DEBORAH POTTER, Correspondent: Six days a week, people gather outside a nondescript building in downtown Miami. The meal they’re waiting for may be their only food of the day.
This soup kitchen runs on donations alone. No government money is accepted, and no funds are ever solicited. Those are the rules of the Missionaries of Charity, the order founded by Mother Teresa.
JIM TOWEY (President, Ave Maria University): She said she preferred the insecurity of divine providence, which was not just some slogan. It was her true life’s ethic that God would provide.
POTTER: The sisters here take the same vows of poverty, chastity, and obedience as other Catholic women religious, but they add one more.
SISTER MANGALA (Missionaries of Charity): Missionaries of Charity have a fourth vow that is wholehearted free service to the poorest of the poor.
POTTER: Sister Mangala met Mother Teresa in 1959 when she joined the order.
SISTER MANGALA: She is the person falling in love with Jesus.From the moment I met her I could feel that on her. That is why she could grab whole world, you know, because of her love for Jesus, love for God.
POTTER: Agneza Gonxha Bojaxahiu was born in 1910 into a devout Albanian family. At the age of 18, she joined the Sisters of Loreto in Ireland, who sent her to teach in India. In 1946, she heard what she later described as a “call within a call”—the voice of Jesus telling her to “come be my light” to the poor. In 1950, in the desperate slums of Calcutta, Mother Teresa founded her own order, the Missionaries of Charity.
The sisters, dressed in iconic blue-trimmed saris, tended to the sick and dying, seeing Jesus in each of them because of his words in the New Testament: “As you did it to the least of these, you did it to me.” Mother Teresa called the poor “the hope of salvation for mankind, because we are going to be judged on what we have done for them.”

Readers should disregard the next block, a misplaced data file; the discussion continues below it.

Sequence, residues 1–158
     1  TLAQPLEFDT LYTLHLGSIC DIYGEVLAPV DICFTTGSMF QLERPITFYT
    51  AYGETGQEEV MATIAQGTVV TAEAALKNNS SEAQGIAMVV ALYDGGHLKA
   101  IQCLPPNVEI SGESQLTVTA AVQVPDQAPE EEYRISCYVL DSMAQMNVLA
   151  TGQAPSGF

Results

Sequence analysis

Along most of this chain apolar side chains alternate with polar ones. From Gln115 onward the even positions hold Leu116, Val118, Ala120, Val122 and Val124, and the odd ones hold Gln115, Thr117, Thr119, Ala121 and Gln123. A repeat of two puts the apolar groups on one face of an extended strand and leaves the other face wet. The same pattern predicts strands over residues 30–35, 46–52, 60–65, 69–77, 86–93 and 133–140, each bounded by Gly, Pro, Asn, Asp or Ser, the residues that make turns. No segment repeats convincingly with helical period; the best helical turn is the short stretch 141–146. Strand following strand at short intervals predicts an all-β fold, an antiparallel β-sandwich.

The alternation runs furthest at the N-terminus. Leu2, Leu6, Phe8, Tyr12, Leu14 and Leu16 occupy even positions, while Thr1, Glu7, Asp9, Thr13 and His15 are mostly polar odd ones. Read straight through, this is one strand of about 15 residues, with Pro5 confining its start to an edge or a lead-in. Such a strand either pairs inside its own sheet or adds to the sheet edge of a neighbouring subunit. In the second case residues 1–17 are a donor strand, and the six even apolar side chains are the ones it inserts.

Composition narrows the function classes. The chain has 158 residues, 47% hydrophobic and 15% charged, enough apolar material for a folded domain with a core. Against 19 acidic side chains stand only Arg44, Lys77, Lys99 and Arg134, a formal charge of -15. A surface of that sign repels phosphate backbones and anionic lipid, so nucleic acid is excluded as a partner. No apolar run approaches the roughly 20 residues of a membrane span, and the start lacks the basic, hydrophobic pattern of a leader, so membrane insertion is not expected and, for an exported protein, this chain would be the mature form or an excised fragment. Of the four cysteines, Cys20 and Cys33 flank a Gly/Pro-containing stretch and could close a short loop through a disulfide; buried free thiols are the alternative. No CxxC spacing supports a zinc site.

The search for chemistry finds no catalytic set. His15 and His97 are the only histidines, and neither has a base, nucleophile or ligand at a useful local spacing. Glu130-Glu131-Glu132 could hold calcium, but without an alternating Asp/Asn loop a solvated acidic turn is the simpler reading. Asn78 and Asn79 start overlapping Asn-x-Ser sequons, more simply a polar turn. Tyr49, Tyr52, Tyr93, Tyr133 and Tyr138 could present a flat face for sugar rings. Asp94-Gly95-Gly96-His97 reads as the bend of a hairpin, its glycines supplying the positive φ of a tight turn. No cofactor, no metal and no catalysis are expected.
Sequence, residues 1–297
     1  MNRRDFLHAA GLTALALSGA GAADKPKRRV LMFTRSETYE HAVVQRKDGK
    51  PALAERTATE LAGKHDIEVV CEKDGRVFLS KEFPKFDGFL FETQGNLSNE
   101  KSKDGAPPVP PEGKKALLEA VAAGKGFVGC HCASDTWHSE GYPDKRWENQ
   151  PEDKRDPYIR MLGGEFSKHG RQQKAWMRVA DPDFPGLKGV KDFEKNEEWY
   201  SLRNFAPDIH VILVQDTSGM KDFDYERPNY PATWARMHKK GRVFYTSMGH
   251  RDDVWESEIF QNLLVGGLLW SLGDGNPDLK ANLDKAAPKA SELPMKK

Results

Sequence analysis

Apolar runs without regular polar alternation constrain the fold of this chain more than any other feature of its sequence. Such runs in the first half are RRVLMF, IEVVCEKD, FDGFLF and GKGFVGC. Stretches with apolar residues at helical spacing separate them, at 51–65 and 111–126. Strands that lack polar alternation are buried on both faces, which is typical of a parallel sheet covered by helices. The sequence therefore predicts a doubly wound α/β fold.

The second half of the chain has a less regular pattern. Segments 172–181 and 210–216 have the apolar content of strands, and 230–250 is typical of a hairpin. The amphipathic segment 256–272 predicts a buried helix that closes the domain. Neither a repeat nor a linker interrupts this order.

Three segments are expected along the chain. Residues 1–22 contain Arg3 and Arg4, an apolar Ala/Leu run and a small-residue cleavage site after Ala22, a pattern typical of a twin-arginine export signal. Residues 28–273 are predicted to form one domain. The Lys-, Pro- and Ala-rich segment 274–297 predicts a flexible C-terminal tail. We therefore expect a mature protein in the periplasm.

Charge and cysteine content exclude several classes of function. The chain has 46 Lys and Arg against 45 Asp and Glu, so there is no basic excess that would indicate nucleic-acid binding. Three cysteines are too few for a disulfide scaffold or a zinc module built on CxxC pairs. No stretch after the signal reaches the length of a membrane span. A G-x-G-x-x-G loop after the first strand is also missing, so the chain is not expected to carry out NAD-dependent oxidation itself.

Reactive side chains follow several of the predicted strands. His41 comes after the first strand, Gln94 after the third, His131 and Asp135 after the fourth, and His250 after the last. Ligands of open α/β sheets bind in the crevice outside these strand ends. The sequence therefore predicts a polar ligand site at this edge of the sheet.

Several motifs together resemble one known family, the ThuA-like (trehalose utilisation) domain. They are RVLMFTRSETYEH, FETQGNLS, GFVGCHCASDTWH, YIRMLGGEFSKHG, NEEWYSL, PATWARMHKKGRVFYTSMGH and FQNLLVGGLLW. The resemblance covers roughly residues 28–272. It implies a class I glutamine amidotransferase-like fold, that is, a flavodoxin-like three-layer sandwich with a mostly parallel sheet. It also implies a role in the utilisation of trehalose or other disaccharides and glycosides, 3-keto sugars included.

The world noticed. In 1979, Mother Teresa received the Nobel Peace Prize.
MOTHER TERESA (from Nobel Prize Speech): I want you to love the poor. And never turn your back to the poor, for in turning your back to the poor you are turning it on Christ, for he had made himself the hungry one, the naked one, the homeless one, so that you and I have an opportunity to love him.
POTTER: Her ministry was not without controversy. Critics denounced her celebrity, accused her of misusing donations, and called her medical care primitive. Some charged that her real motive was conversions.
TOWEY: When she was accused by some Hindus of trying to convert people to Christianity she would say “I convert no one. God converts people, and my job is to love them.”
POTTER: Jim Towey first met Mother Teresa in 1985. He spent two years as a full-time volunteer and became her attorney and personal friend.
TOWEY: When she talked to you it was like you were the only person in the world.
POTTER: Towey is now president of Ave Maria University in Florida, home to a Mother Teresa museum and a program that sends students overseas to work with the Missionaries of Charity.
TOWEY: The sisters weren’t trying to restructure society. Their mission was to satiate the thirst of Christ present there in that dying person from the words “I thirst” that inspired all of Mother Teresa’s ministry, those words from the cross.
POTTER: It was only after her death in 1997 that the world learned of Mother Teresa’s own deep suffering. Letters to her spiritual directors that she had wanted destroyed revealed that for most of her last 50 years her prayer life was dry. “The place of God in my soul is blank,” she wrote.
REV. JAMES MARTIN, SJ (Author of My Life with the Saints): I was shocked. Of all people you would say Mother Teresa obviously has an intimate relationship with God in her prayer, and we found it was just the opposite.